Facebook Twitter Google+ After defeating No. 14-seed Western Michigan 77-53 in the second round of the NCAA Tournament on Thursday, No. 3-seed Syracuse advances to face No. 11-seed Dayton on Saturday at approximately 7:10 p.m.But first, while the second batch of opening-round games take place, the Orange and Flyers will hold press conferences which you can watch here live starting at 1:35 p.m.Schedule:1:35-1:55 p.m.: Dayton players1:55-2:15 p.m.: Dayton head coach Archie Miller2:20-2:40 p.m.: Syracuse players2:40-3 p.m.: Syracuse head coach Jim BoeheimAdvertisementThis is placeholder text Comments Published on March 21, 2014 at 1:26 pm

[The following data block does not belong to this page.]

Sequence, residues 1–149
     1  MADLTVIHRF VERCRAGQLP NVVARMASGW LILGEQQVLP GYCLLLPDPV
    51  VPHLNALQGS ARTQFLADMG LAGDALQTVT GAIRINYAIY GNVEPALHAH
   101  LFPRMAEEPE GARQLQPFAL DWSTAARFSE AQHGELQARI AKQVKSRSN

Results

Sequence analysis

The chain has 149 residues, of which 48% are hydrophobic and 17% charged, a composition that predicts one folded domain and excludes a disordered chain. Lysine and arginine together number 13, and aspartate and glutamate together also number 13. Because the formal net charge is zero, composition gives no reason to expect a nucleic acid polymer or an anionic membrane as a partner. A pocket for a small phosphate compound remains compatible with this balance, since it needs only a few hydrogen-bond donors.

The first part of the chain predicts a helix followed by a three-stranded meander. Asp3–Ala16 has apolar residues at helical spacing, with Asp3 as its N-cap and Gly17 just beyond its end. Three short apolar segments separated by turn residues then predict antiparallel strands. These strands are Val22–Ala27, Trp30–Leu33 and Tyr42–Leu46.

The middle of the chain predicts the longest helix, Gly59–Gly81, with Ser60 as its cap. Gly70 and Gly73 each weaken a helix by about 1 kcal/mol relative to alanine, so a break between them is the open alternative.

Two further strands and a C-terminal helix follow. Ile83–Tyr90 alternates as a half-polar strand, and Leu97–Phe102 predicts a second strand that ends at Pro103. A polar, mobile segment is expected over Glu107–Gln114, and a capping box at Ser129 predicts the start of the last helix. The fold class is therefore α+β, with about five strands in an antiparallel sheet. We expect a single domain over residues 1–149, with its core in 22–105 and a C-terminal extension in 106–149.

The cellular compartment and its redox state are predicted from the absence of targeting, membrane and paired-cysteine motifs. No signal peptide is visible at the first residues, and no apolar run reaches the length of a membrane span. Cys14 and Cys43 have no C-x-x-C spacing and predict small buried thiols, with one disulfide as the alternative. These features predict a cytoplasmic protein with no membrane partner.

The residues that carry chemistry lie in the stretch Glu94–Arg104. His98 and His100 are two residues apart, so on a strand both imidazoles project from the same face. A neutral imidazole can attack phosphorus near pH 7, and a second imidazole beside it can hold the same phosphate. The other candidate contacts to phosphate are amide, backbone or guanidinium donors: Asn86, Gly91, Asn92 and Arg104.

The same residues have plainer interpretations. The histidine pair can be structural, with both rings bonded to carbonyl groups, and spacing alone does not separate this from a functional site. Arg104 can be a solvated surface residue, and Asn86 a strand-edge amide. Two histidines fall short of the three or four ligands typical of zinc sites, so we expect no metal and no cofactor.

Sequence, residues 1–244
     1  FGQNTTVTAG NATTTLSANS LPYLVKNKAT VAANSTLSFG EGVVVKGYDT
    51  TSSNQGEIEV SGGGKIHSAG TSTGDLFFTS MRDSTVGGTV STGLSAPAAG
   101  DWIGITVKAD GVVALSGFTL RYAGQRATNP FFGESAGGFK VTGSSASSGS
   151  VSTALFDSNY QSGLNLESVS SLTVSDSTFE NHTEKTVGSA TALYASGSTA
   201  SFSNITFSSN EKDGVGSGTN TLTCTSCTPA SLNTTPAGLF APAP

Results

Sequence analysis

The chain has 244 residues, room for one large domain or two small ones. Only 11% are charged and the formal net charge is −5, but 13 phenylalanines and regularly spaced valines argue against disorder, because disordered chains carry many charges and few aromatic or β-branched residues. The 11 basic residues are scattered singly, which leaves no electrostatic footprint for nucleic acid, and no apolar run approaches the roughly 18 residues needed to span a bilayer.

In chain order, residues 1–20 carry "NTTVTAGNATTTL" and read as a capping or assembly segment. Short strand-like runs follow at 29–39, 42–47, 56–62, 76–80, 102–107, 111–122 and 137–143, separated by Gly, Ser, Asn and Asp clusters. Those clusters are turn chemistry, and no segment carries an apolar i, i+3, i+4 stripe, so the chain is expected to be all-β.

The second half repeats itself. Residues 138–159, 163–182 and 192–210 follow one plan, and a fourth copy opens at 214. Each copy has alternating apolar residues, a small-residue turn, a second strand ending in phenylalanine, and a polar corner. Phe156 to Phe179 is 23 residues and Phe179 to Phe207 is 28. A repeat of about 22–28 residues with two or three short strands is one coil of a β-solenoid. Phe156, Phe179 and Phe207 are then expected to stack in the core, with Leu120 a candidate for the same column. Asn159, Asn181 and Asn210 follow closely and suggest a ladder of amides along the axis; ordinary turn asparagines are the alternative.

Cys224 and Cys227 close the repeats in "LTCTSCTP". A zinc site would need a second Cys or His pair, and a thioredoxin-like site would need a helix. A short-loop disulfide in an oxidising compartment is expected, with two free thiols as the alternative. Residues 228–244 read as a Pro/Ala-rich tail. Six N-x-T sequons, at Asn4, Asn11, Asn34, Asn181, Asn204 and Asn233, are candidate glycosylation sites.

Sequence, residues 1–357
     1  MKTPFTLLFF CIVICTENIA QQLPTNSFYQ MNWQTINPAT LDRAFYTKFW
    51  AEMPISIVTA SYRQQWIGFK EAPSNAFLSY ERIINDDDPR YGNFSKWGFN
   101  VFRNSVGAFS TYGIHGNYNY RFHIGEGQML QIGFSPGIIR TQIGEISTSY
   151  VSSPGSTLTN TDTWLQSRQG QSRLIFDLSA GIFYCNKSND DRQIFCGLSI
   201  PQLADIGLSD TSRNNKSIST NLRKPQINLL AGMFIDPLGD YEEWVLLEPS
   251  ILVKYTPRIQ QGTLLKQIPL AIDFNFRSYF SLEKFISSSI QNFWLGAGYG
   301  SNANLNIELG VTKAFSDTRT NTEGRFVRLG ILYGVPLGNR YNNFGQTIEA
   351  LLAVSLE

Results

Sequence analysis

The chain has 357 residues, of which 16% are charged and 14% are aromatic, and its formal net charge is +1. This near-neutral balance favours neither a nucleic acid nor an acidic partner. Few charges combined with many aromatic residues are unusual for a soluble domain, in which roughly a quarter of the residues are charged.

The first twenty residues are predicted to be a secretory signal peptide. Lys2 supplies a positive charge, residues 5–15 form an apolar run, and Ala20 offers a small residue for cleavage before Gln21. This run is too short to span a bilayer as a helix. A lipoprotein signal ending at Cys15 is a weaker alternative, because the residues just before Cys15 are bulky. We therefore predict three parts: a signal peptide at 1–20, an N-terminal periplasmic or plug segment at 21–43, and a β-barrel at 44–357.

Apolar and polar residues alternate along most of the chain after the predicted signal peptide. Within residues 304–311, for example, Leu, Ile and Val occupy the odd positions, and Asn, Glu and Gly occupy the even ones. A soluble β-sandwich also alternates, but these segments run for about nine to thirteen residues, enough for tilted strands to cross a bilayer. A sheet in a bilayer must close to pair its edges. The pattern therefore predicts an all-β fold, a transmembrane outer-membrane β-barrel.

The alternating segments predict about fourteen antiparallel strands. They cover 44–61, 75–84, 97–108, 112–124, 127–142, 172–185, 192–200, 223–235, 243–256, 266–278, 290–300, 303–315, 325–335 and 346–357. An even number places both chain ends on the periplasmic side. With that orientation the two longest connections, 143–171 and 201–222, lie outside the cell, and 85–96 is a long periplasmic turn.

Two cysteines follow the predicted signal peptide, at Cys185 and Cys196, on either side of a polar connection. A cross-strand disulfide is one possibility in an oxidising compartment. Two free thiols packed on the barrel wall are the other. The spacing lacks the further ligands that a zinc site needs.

Sasha Soboleff discusses the role of Alaska Native corporations at the his home in the Mendenhall Valley in November. (KTOO video still)The mission of Sealaska Corp. is to strengthen people, culture and homelands. It pays its shareholders cash dividends and supports Alaska Native culture through the Sealaska Heritage Institute and other programs. But do Alaska Native corporations like Sealaska help their shareholders climb the economic ladder?Listen nowSasha Ivan Soboleff was 26 when the Alaska Native Claims Settlement Act, or ANCSA, was signed into law on Dec. 18, 1971.“I was teaching in Kake at the time, and I signed up on Kake Tribal, so I have 100 original shares and I was on the original board of incorporators for Kake Tribal,” Soboleff said. “I also belong to Sealaska Corp., because that’s the large regional corporation.”Sealaska is one of 12 for-profit regional Alaska Native corporations the legislation created. It also created many village corporations, including Kake Tribal. Alaska Natives at the time, like Soboleff, enrolled as original shareholders.Sitting in his small apartment in the Mendenhall Valley, Soboleff said he doesn’t think Native corporations can help with economic mobility.“The business nature of ANCSA corps., which is the formation of an economic vehicle called a profit-making business, is not the way the culture of Southeast Alaska Natives … thinks, or exists,” Soboleff said.Sasha Soboleff was born in Juneau in 1945. That was five years after his parents, Walter and Genevieve Soboleff, moved back to Juneau from the Lower 48. He said his parents instilled in him the value of hard work.“They came back here and they ran into terrible racism. They weren’t allowed to rent. They weren’t allowed to apply for jobs, but to their persistence, they started making it, and so the Soboleff family has always followed that mold,” Soboleff said.Soboleff is a retired school teacher and principal. He’s the grand president of the Alaska Native Brotherhood. He said the Native corporations fail to support the culture, and the distributions don’t make up for it.“I barely even recognize except a couple of times a year when they give out one or $200,” Soboleff said. “It doesn’t set the standard for making a culture come alive. … It doesn’t recognize where you live, the lands that your clans and your family has had for years where you pick berries or you go fishing, or where you dry the foods that are going to be due, or you have seaweed. It doesn’t do any of that.”Rosita Worl disagrees. She is also an original shareholder and recently retired from being a board member of Sealaska Corp. after 30 years. She said the purpose of the corporation is more than just monetary.“In addition to our economic responsibilities, through employment and dividends, we also have a host of other responsibilities, and things to meet our mission objectives, like scholarships, things to grow, help out shareholders so they could lead a healthy lifestyle.”Nathan Soboleff, Sasha’s nephew, received one of those college scholarships and an internship with Sealaska. Now he manages grants at Bartlett Regional Hospital in Juneau, where he has his own office.Nathan Soboleff got a few shares of Sealaska and the village corporation Kootznoowoo from his father. Financially, they’re not worth much.“I think I received a shareholder check of like $5 before,” Nathan said.What matters more to Nathan is the connection to the land.“Not having some kind of ownership to that land is sad, and a lot of people do have strong feelings about having some kind of ownership, even if it’s not in the modern sense of private ownership … but knowing that it’s still Haa Aaní, it’s still our lands, is important,” Nathan said. “And if you don’t have any of that shared ownership in there, there’s something missing.”Nathan Soboleff has three young children and looks forward to passing some of his shares along to them.“They are growing up being raised Tlingit-Norwegians, and they culturally know who they are, and where they’re from, and in the near future, you know, within the next six or seven years, I will give them some of my shares,” Nathan said.Rosita Worl said she’d like to see Sealaska develop that connection to the land further by advocating for more subsistence rights for its shareholders.“I’m not saying that we have to go back to a hunting and fishing economies, but I want to see us … moving forward in a way that brings us into the 21st centuries but also allows us to sustain our traditional cultures,” Worl said.Rosita Worl, and Sasha and Nathan Soboleff are just three voices among tens of thousands of shareholders in more than 200 Alaska Native corporations.